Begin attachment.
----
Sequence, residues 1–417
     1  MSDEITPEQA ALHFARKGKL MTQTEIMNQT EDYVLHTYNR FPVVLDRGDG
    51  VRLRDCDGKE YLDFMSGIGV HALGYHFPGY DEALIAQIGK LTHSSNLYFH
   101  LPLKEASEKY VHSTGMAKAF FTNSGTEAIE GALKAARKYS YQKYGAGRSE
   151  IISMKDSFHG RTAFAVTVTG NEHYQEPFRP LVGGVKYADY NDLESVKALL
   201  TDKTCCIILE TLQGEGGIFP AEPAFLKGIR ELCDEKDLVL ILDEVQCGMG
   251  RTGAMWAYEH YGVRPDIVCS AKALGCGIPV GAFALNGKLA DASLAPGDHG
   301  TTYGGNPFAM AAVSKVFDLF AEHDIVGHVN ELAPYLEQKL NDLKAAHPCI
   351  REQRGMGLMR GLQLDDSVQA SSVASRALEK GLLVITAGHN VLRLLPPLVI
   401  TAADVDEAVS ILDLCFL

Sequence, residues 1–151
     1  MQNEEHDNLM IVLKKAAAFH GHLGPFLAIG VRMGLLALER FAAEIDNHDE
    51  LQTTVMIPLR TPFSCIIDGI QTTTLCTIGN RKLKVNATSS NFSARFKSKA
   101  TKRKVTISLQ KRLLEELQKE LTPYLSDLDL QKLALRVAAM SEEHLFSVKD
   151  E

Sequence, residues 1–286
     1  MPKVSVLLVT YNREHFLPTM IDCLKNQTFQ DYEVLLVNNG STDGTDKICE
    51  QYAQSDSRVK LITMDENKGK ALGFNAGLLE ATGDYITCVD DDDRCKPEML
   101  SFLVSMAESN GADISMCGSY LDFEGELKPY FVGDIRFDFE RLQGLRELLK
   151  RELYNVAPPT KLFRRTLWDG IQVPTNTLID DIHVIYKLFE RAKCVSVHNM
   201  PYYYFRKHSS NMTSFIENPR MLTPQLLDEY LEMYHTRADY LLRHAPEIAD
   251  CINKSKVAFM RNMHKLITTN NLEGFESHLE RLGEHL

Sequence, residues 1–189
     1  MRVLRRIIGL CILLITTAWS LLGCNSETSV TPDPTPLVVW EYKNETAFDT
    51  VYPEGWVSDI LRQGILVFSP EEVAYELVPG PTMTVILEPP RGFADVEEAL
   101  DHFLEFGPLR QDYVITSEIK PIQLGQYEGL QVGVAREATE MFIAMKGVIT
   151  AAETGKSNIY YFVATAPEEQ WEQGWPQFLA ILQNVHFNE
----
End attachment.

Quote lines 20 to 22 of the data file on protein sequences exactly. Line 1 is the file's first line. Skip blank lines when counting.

   151  RELYNVAPPT KLFRRTLWDG IQVPTNTLID DIHVIYKLFE RAKCVSVHNM
   201  PYYYFRKHSS NMTSFIENPR MLTPQLLDEY LEMYHTRADY LLRHAPEIAD
   251  CINKSKVAFM RNMHKLITTN NLEGFESHLE RLGEHL